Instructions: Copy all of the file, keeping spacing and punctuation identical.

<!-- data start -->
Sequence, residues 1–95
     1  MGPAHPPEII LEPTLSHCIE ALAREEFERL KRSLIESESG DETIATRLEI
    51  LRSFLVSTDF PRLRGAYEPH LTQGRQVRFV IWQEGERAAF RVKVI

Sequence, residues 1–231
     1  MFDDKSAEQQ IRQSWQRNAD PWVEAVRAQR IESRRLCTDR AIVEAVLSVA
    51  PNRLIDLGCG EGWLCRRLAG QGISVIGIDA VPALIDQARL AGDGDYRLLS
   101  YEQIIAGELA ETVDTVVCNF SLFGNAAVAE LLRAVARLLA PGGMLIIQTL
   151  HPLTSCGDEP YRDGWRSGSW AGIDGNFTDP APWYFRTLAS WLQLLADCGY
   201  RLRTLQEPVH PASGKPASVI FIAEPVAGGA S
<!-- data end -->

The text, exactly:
Sequence, residues 1–95
     1  MGPAHPPEII LEPTLSHCIE ALAREEFERL KRSLIESESG DETIATRLEI
    51  LRSFLVSTDF PRLRGAYEPH LTQGRQVRFV IWQEGERAAF RVKVI

Sequence, residues 1–231
     1  MFDDKSAEQQ IRQSWQRNAD PWVEAVRAQR IESRRLCTDR AIVEAVLSVA
    51  PNRLIDLGCG EGWLCRRLAG QGISVIGIDA VPALIDQARL AGDGDYRLLS
   101  YEQIIAGELA ETVDTVVCNF SLFGNAAVAE LLRAVARLLA PGGMLIIQTL
   151  HPLTSCGDEP YRDGWRSGSW AGIDGNFTDP APWYFRTLAS WLQLLADCGY
   201  RLRTLQEPVH PASGKPASVI FIAEPVAGGA S